3 Pro-Life Truths From Clarence Thomas In SCOTUS Dobbs Hearing
U.S. Supreme Court Justice Clarence Thomas, who tends to stay quiet during oral arguments, was bursting with key questions to ask both sets of legal counsel as the court heard arguments in Dobbs v. Jackson Women’s Health Organization on Wednesday.
Justices sat down for nearly two hours to hear arguments on whether laws such as Mississippi’s 15-week abortion ban are unconstitutional. It’s a raging national debate that has set the stage for Roe v. Wade to possibly be overturned and could save countless unborn babies’ lives.
Here are three strong points the unusually outspoken Thomas raised during the hearing.
1. There Is No Constitutional Right to Kill Babies
Knowing full well that there’s no explicit, constitutionally guaranteed right to kill babies in the womb, Thomas asked U.S. Solicitor General Elizabeth Prelogar to explain just what exactly the United States’s governing document allows for abortion.
“Would you specifically tell me, specifically state what the right is? Is it specifically abortion? Is it liberty? Is it autonomy? Is it privacy?” Thomas asked.
Later, Thomas clarified that he understands “we’re talking about abortion here” but pointed out that certain constitutional amendments are very clear about what they protect and none of them mention the right to murder unborn babies.
“What is confusing is that we, if we were talking about the Second Amendment, I know exactly what we’re talking about. If we’re talking about the Fourth Amendment, I know what we’re talking about because it’s written, it’s there. What specifically is the right here that we’re talking about?” he asked.
Justice Thomas: “If we were talking about the second amendment, I know what we’re talking about. Because it’s written, it’s there. What specifically is the right here [to abortion] that we’re talking about?” pic.twitter.com/0JEPecy40z
— Greg Price (@greg_price11) December 1, 2021
2. There Are Two Lives at Stake in Every Pregnancy
During another line of questioning, Thomas repeatedly demanded both speakers on the pro-abortion legal team differentiate between prohibiting a mother from aborting her baby and stopping her from taking drugs or other substances that harm her baby.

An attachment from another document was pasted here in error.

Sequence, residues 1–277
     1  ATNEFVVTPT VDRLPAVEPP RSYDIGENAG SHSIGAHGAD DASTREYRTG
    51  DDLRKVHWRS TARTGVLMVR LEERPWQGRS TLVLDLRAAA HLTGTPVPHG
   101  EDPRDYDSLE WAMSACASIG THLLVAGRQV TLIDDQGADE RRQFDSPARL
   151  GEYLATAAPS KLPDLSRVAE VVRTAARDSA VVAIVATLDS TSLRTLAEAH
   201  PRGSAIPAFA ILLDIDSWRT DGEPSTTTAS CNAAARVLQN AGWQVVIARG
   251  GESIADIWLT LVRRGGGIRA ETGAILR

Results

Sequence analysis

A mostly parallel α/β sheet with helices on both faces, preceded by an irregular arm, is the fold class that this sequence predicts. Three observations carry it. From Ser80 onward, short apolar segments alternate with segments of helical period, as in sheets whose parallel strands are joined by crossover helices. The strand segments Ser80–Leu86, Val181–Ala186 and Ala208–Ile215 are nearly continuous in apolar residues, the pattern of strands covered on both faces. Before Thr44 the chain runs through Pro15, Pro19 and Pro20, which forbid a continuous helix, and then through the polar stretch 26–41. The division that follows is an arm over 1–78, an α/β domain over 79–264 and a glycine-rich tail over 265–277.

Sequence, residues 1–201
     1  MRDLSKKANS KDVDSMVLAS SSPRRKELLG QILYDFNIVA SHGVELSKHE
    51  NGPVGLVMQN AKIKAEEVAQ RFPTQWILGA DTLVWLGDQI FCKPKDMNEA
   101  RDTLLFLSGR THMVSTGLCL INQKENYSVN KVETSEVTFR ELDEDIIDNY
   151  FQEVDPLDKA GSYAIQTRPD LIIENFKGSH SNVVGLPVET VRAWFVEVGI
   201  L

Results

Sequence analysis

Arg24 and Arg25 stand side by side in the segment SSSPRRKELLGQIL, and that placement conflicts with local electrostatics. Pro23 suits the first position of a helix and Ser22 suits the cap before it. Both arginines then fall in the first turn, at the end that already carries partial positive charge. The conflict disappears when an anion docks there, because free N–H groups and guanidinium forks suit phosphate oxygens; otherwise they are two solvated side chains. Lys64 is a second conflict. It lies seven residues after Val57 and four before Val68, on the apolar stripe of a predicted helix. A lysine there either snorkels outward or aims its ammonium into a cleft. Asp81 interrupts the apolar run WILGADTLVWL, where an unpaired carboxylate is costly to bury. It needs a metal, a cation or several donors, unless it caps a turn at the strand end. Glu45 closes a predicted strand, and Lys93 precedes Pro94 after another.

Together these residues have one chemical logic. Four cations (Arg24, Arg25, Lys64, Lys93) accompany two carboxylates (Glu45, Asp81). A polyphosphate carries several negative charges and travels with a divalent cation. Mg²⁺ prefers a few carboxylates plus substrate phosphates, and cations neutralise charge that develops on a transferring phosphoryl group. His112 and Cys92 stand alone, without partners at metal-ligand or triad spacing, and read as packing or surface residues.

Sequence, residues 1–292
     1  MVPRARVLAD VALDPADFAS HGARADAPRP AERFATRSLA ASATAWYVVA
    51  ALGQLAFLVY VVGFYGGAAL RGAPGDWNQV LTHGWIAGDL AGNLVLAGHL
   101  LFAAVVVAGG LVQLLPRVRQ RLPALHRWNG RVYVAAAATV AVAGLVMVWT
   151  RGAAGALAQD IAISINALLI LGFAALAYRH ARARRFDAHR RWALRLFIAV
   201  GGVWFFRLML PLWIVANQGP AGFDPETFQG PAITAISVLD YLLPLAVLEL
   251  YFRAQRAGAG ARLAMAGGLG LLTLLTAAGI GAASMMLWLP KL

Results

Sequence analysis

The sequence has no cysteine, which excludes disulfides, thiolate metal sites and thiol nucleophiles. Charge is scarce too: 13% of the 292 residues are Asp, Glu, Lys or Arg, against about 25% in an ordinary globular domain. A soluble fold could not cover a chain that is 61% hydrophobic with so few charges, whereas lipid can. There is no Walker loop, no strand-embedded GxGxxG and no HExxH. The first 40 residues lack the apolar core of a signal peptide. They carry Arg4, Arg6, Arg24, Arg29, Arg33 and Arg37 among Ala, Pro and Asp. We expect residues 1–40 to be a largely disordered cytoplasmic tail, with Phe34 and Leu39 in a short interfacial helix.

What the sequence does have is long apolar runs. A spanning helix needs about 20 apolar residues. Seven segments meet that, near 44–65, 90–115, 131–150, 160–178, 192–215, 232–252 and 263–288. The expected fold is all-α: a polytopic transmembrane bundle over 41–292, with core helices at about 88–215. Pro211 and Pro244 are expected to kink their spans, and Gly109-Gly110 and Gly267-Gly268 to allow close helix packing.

“Does a mother have a right to ingest drugs and harm a pre-viable baby? Can the state bring child neglect charges against the mother?” Thomas asked.
Julie Rikelman of the Center for Reproductive Rights had no answer for Thomas other than the claim “that’s not what this case is about.”
Thomas later repeated the question to Prelogar.
“You heard my question to counsel earlier about the woman who was convicted of criminal child neglect. What would be your reaction to that as far as her liberty and whether or not the liberty interests that we’re talking about extends to her?” Thomas asked.
Prelogar claimed she’s not denying a state might have interest in that case but said they also need to consider the “interests of the woman on the other side of the scale and not being forced to continue with a pregnancy, not being forced to endure childbirth, and to have a child out in the world.”
“And the state’s arguments here seem to ask this court to look only at its interests and to ignore entirely those incredibly weighty interests of the woman on the other side,” Prelogar claimed.
3. Roe v. Wade Can’t Legally Stand On Its Own
In an exchange with Rikelman, once again Thomas hinted that the supposed general legal precedent set by Roe v. Wade isn’t enough to justify the removal of states’ voices when it comes to abortion policy.
“What I’m trying to focus on, is if we — is to lower the level of generality, or at least be a little bit more specific. In the old days, we used to say it was a right to privacy that the court found in the due process, substantive due process clause, okay. … And I’m trying to get you to tell me what are we relying on now? Is it privacy? Is it autonomy? What is it?” Thomas asked.
Jordan Boyd is a staff writer at The Federalist. She graduated from Baylor University where she majored in political science and minored in journalism.